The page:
Location: Coastal Plain Soil, Water and Plant Conservation Research2018 Annual Report
1. Develop effective irrigation and crop management techniques that increase profitability, conserve water, and protect water quality in surrounding ecosystems. 1a. Evaluate the potential use of the ARS Irrigation Scheduling and Supervisory Control and Data Acquisition System (ISSCADA) for variable rate irrigation management of corn in the humid Southeastern U.S. 1b. Evaluate variable rate irrigation using crop feedback for site-specific irrigation management in the Southeastern U.S. Coastal Plain. 1c. Quantify how cover crops and tillage affect soil water availability, soil pore water nitrogen, and crop productivity. 1d. Evaluate how water availability and microbial population dynamics are influenced by soil improvement practices on a spatial basis. 2. Assess the effects of innovative management and production practices on nutrient losses via hydrologic pathways from farms and watersheds. 2a. Quantify nitrogen balance, water-use efficiency and crop yield of irrigated and rain-fed corn as affected by fertilizer management strategy in the Southeastern U.S. Coastal Plain. 2b. Determine the runoff potential of recovered P sources when surface applied as fertilizer in no-tillage systems.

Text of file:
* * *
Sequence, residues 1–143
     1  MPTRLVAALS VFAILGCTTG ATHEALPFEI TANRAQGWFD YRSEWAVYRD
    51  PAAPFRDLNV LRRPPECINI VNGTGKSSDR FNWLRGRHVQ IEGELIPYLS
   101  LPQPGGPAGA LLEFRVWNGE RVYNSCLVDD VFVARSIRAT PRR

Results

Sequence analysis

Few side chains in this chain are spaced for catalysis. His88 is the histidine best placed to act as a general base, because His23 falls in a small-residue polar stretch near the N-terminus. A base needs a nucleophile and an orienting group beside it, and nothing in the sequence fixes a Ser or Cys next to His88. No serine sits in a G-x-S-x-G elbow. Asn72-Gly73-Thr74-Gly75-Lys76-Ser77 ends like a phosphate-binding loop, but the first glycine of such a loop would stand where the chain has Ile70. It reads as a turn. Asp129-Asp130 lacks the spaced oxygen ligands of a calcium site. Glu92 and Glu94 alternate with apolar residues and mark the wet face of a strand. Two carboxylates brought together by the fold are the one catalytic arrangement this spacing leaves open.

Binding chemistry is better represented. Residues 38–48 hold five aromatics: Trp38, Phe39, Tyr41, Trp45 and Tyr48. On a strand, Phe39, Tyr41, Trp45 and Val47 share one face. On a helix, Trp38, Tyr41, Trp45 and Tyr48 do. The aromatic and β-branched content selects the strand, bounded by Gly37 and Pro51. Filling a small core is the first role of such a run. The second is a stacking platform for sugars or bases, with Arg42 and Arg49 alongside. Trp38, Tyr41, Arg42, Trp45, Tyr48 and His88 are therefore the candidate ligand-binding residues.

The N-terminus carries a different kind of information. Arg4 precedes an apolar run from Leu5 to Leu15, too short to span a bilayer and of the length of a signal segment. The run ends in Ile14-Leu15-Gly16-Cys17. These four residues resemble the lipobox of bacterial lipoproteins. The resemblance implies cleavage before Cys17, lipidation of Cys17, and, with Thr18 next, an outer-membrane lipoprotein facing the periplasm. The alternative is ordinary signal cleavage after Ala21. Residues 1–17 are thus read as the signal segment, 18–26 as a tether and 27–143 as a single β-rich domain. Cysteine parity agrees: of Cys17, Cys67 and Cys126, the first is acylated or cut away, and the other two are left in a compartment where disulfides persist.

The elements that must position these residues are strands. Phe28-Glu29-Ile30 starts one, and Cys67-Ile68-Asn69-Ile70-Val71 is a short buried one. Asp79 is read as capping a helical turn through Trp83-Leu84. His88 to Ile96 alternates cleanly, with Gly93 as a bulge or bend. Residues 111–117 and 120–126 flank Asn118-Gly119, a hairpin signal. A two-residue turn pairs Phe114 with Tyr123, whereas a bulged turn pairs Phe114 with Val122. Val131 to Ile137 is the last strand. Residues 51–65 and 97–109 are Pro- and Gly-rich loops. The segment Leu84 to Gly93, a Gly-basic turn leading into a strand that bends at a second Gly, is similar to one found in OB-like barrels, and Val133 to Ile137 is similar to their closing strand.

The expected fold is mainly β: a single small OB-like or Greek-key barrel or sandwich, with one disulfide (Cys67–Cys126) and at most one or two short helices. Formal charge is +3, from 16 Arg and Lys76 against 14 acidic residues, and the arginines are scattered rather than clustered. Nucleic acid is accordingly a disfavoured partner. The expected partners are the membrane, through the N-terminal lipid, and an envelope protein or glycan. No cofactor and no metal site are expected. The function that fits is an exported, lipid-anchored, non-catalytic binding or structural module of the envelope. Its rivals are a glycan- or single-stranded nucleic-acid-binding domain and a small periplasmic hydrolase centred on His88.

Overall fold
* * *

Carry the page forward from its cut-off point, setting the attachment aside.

The overall goal of this project is to improve water and nutrient management in humid regions. The research focuses on two main objectives. The first objective is to develop effective irrigation and crop management techniques that increase profitability, conserve water, and protect water quality in surrounding ecosystems. In this objective, we will evaluate the potential of using within season crop feedback for managing variable-rate irrigation (VRI) systems and also evaluate the use of an automated VRI system for managing irrigations. For rain-fed production, we will investigate how soil conservation practices affect nitrogen cycling, soil microbial populations that influence soil carbon cycling, and soil water availability. The second objective is to assess the effects of innovative management and production practices on nutrient losses via hydrologic pathways from farms and watersheds. In this objective, we will investigate N fertilizer management under irrigated and rain-fed conditions for nutrient use efficiency and potential loss of N to the surrounding ecosystem. We will also evaluate the potential of reducing dissolved P in runoff from fields managed with conservation tillage by applying recovered P fertilizer products that have low water solubility. Research methods include field and laboratory experiments, demonstrations, and leading-edge analytical techniques. The research outlined in this project addresses components of two of the four problem areas identified in the ARS - Water Availability & Watershed Management National Program Action Plan. Research products will consist of water and nutrient management practices that conserve water, sustain production, and enhance environmental quality. These products will also provide information vital to national water management and water quality policies. The expected benefits of the research program are the long-term conservation and protection of the nation’s water resources. Conservation and protection of the nation’s water resources will ensure production of food and fiber for current and future populations in an economically viable and environmentally sustainable manner.